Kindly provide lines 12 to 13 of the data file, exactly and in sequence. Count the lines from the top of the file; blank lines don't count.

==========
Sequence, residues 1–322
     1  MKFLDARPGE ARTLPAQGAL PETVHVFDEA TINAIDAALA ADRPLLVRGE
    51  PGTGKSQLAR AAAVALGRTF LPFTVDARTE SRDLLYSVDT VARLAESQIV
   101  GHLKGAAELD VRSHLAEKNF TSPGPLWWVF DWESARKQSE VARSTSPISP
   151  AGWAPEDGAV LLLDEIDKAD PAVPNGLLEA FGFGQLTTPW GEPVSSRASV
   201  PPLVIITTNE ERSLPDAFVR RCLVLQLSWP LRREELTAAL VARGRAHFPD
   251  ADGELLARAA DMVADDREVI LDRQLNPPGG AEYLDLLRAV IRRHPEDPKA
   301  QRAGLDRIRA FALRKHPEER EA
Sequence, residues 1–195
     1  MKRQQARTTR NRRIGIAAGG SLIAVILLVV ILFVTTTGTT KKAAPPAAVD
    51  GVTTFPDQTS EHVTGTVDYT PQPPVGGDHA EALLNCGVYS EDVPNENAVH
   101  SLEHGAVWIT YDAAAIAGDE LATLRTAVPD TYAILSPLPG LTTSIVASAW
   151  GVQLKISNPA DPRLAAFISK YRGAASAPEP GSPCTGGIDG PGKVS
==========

   101  SLEHGAVWIT YDAAAIAGDE LATLRTAVPD TYAILSPLPG LTTSIVASAW
   151  GVQLKISNPA DPRLAAFISK YRGAASAPEP GSPCTGGIDG PGKVS